Actually, I would say, “True.” We lose ourselves in a beautiful way. Our life story changes because we were open to the life which God placed in ours. Motherhood facilitates a great deal of character change that doesn’t happen voluntarily. I have never personally signed up for a change in character. God just seems to make it happen ever so effectively through mothering my kids.
Have trouble with patience? Here’s a difficult child.
Have insecurities about your worth? Here’s an independent kid for you.
Selfishness? Have a demanding, needy child. That’ll get you moving in the right direction.
I don’t usually recognize the needs. But, I see the effects on my children. The reality of my inadequacy smacks me in the face. Children don’t try to be reflections of our character–they just naturally do. They show us both the “pretty and smart” parts and the unattractive, silent ones.
Becoming a mother gives us a unique opportunity to make a gigantic leap in our moral development. Extrinsic goals of life, such as success and fame, start to fall back. Those give way to a more mature, intrinsic thinking pattern. I am not suggesting that this happens quickly. I know for me it seems as slow as molasses. I have moved, and been poured into a mold of being a Catholic Christian, wife and mother.
My prayer is that it is more Christ-shaped, less of me-shaped. This new woman, this mother of a woman–is still me, only much better.
Maybe our goals in life included something other than the reality which we have right now. God is choosing this life, this family, this time for His purpose through us. If we look through the eyes of our kids, we always will see the best version of ourselves.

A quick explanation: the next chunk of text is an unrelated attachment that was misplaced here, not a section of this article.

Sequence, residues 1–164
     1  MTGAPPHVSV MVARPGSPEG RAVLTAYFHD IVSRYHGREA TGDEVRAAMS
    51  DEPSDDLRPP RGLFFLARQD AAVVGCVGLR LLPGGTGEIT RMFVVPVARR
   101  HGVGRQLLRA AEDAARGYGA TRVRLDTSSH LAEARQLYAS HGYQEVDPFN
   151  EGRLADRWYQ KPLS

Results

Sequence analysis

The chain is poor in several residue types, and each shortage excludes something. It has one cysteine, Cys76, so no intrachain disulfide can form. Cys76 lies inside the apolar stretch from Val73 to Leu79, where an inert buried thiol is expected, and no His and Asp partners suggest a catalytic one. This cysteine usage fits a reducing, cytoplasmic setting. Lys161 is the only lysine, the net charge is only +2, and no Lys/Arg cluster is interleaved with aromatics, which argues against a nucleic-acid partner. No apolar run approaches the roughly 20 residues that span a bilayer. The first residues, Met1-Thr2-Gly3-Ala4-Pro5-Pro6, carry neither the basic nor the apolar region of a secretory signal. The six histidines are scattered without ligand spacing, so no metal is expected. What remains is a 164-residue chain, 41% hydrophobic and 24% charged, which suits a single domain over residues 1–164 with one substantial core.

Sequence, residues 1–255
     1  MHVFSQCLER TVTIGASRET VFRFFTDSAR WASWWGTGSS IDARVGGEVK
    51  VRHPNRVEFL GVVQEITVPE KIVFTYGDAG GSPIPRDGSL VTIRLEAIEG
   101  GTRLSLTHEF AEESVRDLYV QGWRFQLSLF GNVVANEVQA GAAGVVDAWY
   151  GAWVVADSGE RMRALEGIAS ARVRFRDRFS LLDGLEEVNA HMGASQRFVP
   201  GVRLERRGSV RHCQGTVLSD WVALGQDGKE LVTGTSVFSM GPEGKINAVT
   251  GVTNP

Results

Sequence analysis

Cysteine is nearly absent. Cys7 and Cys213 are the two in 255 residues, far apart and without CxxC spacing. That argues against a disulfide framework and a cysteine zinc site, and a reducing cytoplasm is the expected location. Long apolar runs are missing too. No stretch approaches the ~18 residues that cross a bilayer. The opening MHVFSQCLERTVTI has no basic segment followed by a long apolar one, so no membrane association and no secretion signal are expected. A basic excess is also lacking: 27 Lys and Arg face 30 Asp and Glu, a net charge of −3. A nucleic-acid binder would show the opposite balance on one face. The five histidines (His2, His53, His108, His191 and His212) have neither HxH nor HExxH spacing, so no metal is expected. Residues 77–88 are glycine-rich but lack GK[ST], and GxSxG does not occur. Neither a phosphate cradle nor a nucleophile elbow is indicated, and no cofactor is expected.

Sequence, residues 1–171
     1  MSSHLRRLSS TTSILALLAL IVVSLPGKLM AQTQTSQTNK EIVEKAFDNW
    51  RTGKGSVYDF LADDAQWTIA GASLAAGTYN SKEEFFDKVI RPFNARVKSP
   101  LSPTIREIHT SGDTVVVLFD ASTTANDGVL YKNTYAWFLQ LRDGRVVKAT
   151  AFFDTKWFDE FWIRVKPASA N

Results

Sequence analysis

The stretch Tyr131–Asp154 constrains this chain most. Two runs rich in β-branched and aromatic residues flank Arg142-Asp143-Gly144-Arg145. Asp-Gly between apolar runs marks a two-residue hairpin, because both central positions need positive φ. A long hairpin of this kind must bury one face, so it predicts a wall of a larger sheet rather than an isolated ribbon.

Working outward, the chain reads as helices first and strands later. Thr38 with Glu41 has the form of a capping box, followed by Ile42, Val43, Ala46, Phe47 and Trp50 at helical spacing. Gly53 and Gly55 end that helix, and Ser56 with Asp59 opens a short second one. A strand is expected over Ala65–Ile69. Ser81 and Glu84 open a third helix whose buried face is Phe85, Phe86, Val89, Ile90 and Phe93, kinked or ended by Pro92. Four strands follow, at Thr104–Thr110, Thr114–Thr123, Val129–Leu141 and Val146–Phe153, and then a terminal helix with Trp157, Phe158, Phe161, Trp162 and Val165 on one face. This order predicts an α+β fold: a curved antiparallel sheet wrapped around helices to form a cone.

Being a patient person is more important than having well-behaved children.
Finding my worth in Christ is more valuable than feeling good about my achievements.
Serving my family helps get the “me” out of the way to do God’s work.
Thankfully, God is a”do as I say AND as I do” parent. He calls us to make changes through holy conviction. He offers us forgiveness and accepts repentance. He never questions his identity, nor should I. It is difficult to submit to His authority in my life–to give Him the power to change me. My mind and heart always resist.
My kids will somehow find a way to remind me of what needs changing.
“Speaking the truth in love,we are to grow up in all aspects into Him who is the head, even Christ…(this) causes the growth of the body for the building up of itself in love.”– Ephesians 4:15-16
How can I see myself through my children’s eyes?
What are accomplishments I can achieve, to do God’s work?
What character changes am I thankful for that God has allowed me to accomplish since I have become a mother?